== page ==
Women of Power
I had published my free books on Feedbooks.com, and one of the features of that site is that many people write fan fiction of superheroes, publishing them in serial form. I love comics, so I thought this was a way cool idea. I wanted to be in control of my stories though and not have them belong to someone else because I used their characters. So, I created my own superheroes and setting, writing the first two chapters and publishing them in serial form.
I stopped writing after two chapters because I was busy with His Robot Wife. When I was done, I decided to stop messing around and turn this story into a novel, which I did. I had a lot of fun with Women of Power and am pretty pleased with the story. The title comes from the phrase “women of color.”
While I was writing, I had joined a writers’ group called Shared Words. We met biweekly at Borders Bookstore, usually at a table in a back corner. One week we were seated in a different location, right between two entire counters of vampire romance novels. One of my fellow writers suggested I write my own vampire book. I replied that my book wouldn’t be at all popular, because my vampires would be horrible and not at all sexy.
That exchange became an idea that blossomed into a plot in my head. I did renege on my idea that my vampires wouldn’t be sexy, though my vampire, Novelyne, never actually romances anyone in the book. I wrote half the book, the chapters getting darker and darker as I went. I finally realized that I liked where it was going, and went back to the beginning, rewriting the whole thing to be really dark. Blood Trade seemed like a great title because the plot involved the exploitation of runaway children and also fits with vampires. I also did a Google search and found no other books with that title. Since then, about a dozen have been published.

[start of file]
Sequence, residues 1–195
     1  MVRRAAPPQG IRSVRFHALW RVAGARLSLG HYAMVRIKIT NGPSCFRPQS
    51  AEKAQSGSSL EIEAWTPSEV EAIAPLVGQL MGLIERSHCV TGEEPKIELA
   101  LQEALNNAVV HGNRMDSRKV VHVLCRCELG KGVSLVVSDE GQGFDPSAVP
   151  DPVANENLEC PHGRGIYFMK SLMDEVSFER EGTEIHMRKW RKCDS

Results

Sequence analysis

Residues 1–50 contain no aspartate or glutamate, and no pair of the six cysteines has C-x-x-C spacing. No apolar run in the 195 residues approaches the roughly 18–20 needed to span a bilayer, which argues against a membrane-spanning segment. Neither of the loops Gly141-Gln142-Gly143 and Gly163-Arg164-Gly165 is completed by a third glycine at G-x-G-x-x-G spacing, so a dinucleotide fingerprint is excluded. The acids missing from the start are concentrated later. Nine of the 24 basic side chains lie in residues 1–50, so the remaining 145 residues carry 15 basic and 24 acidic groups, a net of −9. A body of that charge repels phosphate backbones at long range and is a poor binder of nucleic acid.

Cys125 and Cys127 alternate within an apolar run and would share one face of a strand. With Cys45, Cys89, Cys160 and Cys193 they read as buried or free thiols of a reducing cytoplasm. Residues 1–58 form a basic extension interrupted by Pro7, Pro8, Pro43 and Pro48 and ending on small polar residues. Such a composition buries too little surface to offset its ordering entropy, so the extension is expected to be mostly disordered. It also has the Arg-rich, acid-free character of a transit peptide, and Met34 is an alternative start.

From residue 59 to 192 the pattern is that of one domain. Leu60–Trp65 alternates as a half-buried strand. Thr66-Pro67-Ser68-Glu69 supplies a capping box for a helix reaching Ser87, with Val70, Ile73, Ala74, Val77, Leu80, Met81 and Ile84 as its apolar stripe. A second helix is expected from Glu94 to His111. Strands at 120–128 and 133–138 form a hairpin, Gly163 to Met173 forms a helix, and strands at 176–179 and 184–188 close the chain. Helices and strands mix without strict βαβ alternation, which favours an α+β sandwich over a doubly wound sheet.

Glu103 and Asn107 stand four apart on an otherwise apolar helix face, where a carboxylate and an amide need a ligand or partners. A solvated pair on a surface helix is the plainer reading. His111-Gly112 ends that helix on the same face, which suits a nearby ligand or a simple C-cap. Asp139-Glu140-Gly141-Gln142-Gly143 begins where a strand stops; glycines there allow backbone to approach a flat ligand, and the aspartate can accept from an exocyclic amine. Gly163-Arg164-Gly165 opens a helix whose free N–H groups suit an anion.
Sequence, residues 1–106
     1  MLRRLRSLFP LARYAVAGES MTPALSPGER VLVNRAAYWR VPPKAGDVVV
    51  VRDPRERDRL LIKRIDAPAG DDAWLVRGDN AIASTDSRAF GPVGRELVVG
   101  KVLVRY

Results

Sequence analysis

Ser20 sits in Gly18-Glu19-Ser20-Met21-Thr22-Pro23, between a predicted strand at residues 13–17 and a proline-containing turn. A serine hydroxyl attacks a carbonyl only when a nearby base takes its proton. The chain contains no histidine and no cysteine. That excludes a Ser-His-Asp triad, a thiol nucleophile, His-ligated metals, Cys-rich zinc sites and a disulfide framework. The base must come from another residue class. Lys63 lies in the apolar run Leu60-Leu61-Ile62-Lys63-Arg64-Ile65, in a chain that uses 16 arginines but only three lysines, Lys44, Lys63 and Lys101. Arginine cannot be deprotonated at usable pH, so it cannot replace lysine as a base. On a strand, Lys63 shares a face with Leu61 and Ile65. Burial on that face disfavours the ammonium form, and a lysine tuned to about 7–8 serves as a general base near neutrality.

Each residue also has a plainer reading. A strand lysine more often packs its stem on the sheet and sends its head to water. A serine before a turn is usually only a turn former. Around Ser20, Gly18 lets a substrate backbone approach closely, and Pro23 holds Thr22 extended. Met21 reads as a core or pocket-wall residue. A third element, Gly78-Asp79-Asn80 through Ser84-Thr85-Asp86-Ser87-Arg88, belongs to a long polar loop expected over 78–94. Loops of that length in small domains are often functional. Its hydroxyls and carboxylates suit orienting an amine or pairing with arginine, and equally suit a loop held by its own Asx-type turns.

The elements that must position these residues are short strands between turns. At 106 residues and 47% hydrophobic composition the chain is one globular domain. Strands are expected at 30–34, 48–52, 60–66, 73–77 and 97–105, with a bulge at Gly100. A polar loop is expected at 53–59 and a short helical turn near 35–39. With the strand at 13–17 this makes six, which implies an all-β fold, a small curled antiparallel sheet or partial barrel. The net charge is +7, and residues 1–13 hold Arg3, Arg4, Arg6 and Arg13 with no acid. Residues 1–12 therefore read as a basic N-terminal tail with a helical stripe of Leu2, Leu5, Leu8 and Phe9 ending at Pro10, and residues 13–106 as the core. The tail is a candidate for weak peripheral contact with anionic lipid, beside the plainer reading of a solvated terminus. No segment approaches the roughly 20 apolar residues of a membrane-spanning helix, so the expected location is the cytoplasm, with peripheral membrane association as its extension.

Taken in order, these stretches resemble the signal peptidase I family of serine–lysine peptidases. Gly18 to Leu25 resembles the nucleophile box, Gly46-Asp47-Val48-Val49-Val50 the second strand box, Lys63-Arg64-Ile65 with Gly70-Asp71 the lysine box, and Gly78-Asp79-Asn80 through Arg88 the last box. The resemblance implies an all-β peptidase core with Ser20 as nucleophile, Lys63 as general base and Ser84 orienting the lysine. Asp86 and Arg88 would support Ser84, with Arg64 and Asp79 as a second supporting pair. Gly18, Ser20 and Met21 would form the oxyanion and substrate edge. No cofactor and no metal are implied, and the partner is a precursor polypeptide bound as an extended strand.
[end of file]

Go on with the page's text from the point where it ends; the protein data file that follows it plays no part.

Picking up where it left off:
Astrid Maxxim and her Amazing Hoverbike
I was talking to a friend about the sources of my inspiration for writing. I pointed out that my first book was an homage to Edgar Rice Burroughs and the books I loved as a teen. I then remembered that I had an earlier love—Tom Swift Jr. I pulled a few of my old Tom Swift Jr. books out of the bookcase and expounded on how much I had loved them. “I should write my own books like these,” I said aloud.
I sat down and planned out what I would write to create books like those I remembered from my youth. I had loved the stories of the boy inventor and his best friend, the 1950’s innocence and enthusiasm for the future, the naïve belief that science and technology would fix everything, so I wanted those things too. I was always bothered by the fact that Tom Swift never aged and no matter how many cool inventions he created, the world wasn’t changed much. I would fix those things in my book. Finally, my story would be multi-ethnic, because the Tom Swift books were really, really white.
I created my characters—the intrepid girl inventor, her best friends (one Hispanic and the other the child of a gay couple), her heroic boyfriend, his best friend (an African American genius who didn’t play basketball), and their bumbling buddy. I created her home base, a kind of cross between Tom Swift’s Swift Enterprises and Disney World, and her hometown. Finally, I gave her a name—Astrid Maxxim—Astrid meaning star, and Maxxim meaning utmost, literally a super star. I don’t even remember how I came up with a hoverbike as the main invention, but I had more fun writing Astrid than I had writing in a long time.